"Chicano writers from El Paso are the most progressive, open-minded, far-reaching, and inclusive writers of them all."

Octavio Romano

Saturday, October 16, 2010

Mictla: Interview answers questions on need for Chicano publisher

Mictla: The 9th Level of Death
Interview answers questions on need for Chicano publisher
Originally published in The Prospector, May 14, 1971.

by Tony Parra (1)

The following interview was obtained from Ricardo Sánchez, who is the managing editor of Mictla. Currently he is employed with the University in El Paso as a consultant to the Triple “T” Project and the Teacher Corps. He is also the Chicano Editor of Quetzal a literary magazine from Pembroke University in North Carolina...He was a Frederick Douglas Fellow in Journalism for the Afro-American Newspaper in Richmond, Virginia. In the summer of 1970, he was co-director of a health program operated by the Colorado Migrant Council in Denver.

In El Paso, he serves on the Board of Director of Father Rahm Clinic (2) in South El Paso. In his spare time he free-lances as a writer. Some of his works will be coming out in three anthologies being done by New York publishers.

Question (Q): Why do we need Mictla in El Paso?

Sánchez: One main reason is that we are border community and we have a large Chicano population. Presently, there are no available Chicano materials in the El Paso schools. If we don't get relevant school materials as soon as possible, we will continue to lose our cultural values and the schools here will continue to produce lost individuals who have no identity.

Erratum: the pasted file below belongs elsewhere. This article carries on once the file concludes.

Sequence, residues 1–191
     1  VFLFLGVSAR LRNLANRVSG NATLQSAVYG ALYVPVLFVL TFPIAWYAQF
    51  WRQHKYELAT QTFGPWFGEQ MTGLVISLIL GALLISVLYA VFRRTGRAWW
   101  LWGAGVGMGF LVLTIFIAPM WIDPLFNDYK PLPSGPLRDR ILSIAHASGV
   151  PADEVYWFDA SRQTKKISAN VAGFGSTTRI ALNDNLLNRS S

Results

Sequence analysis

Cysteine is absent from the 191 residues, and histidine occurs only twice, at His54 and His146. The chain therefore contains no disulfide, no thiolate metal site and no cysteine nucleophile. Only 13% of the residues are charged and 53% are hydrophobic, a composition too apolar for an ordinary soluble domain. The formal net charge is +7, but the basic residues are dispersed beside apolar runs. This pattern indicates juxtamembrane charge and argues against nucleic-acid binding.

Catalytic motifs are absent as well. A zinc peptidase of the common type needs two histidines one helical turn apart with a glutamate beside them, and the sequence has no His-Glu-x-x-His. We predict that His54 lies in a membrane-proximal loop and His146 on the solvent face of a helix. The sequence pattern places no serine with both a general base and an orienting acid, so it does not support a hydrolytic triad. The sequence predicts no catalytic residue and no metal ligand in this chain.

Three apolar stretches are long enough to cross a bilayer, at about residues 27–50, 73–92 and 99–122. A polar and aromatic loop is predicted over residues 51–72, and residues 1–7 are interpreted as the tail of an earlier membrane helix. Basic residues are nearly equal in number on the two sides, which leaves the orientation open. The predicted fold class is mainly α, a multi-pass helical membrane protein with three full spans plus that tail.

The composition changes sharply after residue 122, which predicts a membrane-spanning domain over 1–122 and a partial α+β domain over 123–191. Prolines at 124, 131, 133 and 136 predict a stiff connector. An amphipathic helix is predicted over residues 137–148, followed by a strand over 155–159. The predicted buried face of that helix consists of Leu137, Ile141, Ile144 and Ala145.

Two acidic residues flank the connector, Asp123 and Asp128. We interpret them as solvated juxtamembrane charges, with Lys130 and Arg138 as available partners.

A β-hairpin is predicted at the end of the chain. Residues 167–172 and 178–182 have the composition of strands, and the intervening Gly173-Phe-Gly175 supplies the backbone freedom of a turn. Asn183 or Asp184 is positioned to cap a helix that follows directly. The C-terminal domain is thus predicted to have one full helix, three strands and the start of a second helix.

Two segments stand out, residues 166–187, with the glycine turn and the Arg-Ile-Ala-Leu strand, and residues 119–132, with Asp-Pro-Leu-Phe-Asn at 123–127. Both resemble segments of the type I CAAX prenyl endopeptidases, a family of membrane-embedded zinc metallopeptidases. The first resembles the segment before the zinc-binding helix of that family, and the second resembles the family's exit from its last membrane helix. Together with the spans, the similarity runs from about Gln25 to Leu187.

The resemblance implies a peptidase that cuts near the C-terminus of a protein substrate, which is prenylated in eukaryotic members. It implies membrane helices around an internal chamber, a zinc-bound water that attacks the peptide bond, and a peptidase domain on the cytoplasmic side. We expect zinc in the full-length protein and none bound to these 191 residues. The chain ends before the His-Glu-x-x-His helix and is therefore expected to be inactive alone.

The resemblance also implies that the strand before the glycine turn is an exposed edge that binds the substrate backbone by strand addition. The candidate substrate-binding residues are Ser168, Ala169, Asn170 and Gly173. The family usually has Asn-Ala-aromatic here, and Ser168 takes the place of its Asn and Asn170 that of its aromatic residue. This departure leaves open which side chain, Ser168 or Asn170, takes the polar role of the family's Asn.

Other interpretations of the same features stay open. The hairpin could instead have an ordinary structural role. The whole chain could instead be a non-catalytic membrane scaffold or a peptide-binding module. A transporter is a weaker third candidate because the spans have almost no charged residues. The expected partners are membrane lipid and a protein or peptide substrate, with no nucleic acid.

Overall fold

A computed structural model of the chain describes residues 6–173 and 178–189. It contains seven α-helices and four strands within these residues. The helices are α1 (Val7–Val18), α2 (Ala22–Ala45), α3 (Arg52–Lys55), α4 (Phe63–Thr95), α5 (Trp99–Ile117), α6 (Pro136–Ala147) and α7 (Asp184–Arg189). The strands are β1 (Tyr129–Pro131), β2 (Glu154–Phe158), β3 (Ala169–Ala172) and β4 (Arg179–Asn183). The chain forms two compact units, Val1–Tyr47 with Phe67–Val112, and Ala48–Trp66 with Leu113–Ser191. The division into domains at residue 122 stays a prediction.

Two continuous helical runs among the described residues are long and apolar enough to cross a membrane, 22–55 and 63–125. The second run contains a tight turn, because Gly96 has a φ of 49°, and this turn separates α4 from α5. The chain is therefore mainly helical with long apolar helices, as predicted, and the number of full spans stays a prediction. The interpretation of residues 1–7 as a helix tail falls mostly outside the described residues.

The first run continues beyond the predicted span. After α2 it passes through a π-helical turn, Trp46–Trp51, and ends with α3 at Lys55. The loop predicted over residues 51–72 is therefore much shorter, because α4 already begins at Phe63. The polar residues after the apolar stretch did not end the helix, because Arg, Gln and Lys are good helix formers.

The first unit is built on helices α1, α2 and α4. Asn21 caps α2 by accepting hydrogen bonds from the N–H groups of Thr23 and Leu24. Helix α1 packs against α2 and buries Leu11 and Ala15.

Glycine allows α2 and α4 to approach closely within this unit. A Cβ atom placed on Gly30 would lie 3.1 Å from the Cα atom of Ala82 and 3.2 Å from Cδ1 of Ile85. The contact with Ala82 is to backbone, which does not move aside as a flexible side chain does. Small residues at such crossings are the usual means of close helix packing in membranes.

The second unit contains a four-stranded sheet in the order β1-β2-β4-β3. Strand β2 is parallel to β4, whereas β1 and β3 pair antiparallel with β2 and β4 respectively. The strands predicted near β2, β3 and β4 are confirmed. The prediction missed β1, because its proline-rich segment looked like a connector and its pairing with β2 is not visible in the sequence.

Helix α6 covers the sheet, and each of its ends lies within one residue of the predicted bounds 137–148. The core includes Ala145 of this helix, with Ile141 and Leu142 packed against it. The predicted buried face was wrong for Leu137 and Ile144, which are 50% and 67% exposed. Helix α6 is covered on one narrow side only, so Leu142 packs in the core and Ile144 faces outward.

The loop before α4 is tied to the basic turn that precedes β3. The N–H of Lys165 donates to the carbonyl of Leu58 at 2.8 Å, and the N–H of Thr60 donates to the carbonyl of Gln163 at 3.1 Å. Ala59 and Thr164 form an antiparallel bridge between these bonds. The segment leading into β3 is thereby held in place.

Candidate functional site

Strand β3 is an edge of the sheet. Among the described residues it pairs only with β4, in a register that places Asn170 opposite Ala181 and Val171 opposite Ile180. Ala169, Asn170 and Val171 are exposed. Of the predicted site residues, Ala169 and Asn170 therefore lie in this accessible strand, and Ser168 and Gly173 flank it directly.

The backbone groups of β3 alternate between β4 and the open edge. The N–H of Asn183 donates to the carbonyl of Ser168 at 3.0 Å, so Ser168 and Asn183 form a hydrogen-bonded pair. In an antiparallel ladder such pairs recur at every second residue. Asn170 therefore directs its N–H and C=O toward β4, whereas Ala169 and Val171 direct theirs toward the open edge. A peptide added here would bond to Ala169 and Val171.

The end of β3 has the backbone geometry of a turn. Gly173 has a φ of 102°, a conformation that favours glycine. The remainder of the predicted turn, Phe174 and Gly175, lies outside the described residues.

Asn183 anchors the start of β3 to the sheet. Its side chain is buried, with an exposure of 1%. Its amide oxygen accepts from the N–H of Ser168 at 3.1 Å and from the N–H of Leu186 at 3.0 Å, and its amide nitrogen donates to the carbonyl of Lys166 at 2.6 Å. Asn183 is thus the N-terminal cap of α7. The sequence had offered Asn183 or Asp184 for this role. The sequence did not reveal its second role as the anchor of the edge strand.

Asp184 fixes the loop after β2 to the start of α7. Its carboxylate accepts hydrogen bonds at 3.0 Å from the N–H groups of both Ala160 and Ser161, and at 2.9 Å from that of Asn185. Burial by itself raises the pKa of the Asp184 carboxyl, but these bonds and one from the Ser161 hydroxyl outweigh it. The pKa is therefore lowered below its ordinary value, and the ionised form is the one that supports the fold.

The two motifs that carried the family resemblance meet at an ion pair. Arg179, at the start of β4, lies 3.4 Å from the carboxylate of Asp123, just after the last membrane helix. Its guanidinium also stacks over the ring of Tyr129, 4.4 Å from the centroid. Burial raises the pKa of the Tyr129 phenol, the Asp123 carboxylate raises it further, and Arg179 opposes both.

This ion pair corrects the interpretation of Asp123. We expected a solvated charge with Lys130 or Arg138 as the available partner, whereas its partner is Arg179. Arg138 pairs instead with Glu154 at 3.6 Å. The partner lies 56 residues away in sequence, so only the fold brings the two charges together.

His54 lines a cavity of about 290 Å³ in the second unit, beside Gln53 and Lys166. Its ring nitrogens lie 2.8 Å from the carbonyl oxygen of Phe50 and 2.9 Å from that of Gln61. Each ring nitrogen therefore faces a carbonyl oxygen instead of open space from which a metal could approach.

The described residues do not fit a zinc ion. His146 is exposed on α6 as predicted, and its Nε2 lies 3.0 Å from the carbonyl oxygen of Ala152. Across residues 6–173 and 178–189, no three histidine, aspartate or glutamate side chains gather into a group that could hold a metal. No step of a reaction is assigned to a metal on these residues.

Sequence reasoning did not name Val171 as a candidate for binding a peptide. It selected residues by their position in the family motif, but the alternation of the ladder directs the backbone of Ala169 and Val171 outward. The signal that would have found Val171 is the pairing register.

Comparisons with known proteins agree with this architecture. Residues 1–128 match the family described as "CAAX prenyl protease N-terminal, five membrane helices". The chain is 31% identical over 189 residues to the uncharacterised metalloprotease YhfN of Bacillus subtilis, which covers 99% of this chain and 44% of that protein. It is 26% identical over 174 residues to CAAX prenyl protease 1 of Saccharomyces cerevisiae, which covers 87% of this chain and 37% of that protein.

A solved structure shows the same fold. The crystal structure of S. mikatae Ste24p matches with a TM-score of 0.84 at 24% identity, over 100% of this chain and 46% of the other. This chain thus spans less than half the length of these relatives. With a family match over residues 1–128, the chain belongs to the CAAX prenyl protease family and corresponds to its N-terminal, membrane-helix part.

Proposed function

Mictla will also generate new business in this area that needs desperate economic edification.

Parra: Why do you criticize Stan Steiner, author of “La Raza” a widely read book on Chicanos?

Sánchez: Because he stole material from Abelardo Delgado and me for his popular book. During Abelardo's fast in 1968 in El Paso, when he was protesting the housing conditions of South El Paso, this man visited Lalo. When Steiner found out Lalo was a poet and writer, he asked to see his material. Lalo lent him some material to read. They never agreed on anything and this man went ahead and used the material in “La Raza.”

Parra:  What is the marginal level of existence that you talk about in your article?

Sánchez: It means that our people shouldn't have to live in condition that barely assure existence. This the plight of the migrants and is happening at all levels in the Rio Grande Valley.